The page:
Back in 2000, measles was a non-existent threat in the U.S., with no cases being reported across the country. Unfortunately, things have changed for the worse in recent years.
Researchers from the University of Colorado Anschutz Campus say that there were more than 150 reported cases of the disease in the first three months of 2015, despite the existence of a suitable vaccine. To find out why, they conducted an analysis of non-medical vaccine exemption policies and found that the states most at risk of an outbreak had an “easy” policy.
So, what makes defines a policy as being easy, medium, or difficult? The researchers explain that an “easy” policy only requires a parent signature on a standardized form to exempt their children from vaccination.
“Medium” exemption policies require parents to obtain a form from a health department, attend an education session about vaccinations, or write a statement of objection. “Difficult” policies require parents to have a standardized form or statement of objection notarized.
For their analysis, the researchers used Colorado as an example; the state has one of the lowest vaccination rates, with approximately 87.4% of children between the ages of 19-35 months being covered, while 5% of kindergarteners have an exemption. They found that a more difficult exemption policy had big results.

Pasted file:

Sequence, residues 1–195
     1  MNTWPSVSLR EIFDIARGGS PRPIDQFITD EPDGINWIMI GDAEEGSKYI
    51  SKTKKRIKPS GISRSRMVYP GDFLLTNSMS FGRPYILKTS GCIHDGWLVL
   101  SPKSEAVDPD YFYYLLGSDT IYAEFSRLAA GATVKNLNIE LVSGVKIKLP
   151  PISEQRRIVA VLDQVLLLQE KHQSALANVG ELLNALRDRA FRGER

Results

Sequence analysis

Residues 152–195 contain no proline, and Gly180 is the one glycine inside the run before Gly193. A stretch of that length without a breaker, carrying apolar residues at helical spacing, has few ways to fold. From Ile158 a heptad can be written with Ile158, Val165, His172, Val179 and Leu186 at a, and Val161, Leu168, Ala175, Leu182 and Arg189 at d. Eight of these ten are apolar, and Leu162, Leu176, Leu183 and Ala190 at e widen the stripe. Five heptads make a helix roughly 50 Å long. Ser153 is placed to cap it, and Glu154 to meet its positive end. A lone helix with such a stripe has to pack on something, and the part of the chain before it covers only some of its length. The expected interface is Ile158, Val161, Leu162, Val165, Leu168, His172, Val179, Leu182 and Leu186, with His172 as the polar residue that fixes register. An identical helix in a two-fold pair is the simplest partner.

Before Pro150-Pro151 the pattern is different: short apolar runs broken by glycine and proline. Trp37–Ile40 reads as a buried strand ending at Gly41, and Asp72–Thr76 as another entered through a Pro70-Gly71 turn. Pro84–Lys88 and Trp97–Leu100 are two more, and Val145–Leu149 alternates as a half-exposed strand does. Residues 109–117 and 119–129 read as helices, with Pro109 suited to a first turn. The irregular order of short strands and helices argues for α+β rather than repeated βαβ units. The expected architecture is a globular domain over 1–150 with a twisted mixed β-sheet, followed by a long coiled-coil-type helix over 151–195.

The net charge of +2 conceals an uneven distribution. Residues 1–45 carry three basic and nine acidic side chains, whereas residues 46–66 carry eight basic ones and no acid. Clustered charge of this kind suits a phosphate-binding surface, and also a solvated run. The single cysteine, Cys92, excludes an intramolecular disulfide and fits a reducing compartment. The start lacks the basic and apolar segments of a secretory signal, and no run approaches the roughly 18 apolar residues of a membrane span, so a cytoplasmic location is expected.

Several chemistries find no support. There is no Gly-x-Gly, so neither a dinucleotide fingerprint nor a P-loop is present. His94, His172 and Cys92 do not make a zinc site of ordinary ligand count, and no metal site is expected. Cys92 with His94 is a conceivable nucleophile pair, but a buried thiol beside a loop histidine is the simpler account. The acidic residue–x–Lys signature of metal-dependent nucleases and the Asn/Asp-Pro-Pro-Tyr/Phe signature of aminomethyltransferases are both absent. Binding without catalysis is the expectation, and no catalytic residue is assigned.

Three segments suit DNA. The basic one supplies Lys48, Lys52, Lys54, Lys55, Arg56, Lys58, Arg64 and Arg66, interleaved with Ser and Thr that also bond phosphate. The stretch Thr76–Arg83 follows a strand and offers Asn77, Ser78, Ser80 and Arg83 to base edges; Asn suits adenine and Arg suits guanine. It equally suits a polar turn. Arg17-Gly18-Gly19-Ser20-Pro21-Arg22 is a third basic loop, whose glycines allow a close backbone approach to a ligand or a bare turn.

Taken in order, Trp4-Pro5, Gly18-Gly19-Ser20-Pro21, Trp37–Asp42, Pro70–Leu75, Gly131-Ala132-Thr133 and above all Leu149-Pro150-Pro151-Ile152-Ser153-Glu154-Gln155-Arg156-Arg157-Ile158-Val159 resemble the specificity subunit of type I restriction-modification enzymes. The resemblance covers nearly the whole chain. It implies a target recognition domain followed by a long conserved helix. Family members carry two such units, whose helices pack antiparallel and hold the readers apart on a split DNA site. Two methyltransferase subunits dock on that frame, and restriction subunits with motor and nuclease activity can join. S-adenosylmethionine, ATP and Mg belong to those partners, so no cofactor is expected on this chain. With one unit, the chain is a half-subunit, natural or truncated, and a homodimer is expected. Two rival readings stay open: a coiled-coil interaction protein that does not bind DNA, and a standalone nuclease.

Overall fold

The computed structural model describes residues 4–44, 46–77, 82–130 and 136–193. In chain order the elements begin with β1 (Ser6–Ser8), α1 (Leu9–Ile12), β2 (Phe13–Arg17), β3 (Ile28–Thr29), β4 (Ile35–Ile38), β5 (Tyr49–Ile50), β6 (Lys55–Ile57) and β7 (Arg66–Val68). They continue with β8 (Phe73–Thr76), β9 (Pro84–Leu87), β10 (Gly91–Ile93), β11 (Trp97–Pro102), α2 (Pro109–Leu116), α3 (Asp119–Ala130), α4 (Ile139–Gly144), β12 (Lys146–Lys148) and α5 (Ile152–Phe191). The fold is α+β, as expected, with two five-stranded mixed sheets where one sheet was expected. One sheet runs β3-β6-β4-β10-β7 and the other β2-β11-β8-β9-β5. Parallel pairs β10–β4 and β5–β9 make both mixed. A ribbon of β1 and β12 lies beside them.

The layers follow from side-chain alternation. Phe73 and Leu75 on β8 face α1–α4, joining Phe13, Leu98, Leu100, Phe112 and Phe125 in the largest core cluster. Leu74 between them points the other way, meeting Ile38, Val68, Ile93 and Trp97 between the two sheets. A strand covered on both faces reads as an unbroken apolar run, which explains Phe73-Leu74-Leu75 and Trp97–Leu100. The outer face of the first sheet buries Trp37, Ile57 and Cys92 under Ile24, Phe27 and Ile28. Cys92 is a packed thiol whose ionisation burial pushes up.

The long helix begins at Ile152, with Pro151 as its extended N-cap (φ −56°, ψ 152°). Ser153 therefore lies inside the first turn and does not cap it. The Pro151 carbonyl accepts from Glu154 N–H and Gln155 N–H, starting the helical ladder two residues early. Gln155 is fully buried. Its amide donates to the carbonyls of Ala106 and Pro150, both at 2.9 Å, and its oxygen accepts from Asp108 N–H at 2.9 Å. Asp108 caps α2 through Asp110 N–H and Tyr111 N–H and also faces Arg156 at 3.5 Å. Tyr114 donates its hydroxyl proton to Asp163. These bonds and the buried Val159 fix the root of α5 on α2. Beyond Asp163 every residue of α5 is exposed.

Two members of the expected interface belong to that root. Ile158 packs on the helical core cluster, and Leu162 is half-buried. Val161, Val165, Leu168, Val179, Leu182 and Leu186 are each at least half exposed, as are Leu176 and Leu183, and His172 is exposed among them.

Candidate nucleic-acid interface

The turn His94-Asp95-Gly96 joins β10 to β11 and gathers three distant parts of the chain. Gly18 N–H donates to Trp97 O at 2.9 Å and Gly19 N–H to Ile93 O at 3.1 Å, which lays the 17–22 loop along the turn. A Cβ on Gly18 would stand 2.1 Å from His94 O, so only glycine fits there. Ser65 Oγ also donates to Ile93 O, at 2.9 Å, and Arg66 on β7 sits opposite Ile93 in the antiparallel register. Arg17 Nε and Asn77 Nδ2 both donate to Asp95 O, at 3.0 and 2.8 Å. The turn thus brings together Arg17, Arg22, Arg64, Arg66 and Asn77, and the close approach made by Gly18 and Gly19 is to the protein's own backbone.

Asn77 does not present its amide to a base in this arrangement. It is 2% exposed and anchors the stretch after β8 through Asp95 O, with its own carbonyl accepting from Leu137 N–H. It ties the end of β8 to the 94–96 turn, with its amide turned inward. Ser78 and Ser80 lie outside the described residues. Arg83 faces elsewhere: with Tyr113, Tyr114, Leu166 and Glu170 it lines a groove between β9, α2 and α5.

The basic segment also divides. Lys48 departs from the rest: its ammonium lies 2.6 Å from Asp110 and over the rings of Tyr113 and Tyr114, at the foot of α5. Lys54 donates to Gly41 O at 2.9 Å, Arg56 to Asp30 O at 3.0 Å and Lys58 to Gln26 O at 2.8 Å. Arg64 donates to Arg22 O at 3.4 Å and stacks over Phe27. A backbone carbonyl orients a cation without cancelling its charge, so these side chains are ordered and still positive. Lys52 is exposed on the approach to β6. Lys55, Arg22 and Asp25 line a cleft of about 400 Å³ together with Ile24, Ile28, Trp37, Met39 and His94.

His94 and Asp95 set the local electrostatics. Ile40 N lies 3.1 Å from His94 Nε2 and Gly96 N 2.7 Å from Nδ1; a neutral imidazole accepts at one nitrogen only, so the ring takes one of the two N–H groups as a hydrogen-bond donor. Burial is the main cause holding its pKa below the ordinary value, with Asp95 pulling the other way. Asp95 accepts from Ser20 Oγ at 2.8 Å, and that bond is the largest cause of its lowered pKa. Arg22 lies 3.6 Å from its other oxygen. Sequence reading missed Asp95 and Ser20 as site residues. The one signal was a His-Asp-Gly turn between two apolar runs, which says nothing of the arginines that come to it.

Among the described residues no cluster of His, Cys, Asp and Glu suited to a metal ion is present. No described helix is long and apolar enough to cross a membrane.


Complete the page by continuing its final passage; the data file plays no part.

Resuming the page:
“We found that a state like Colorado is 140 to 190 percent more likely to experience an outbreak with an easy exemption policy than if it had a medium or difficult non-medical exemption policy,” said lead author Melanie Whittington.
In addition to lowering the risk of measles outbreaks, the researchers say that more difficult exemption policies could help prevent other diseases like the mumps. They stress that there is a tradeoff with having more difficult policies, but that the added safety is worth it.
"It's a trade between freedom and risk. Are we willing to give up a small piece of freedom that nudges us toward vaccination in order to halve the risk of a detrimental outbreak of a preventable disease? I think Colorado should be willing to make that trade," said Dr. Jonathan Campbell, associate professor of clinical pharmacy at the CU Skaggs School of Pharmacy and Pharmaceutical Services.
"We are not saying you can't have non-medical exemptions," Campbell and Whittington added. "But if we strengthen them, we can improve health and reduce the economic impact of a potential outbreak."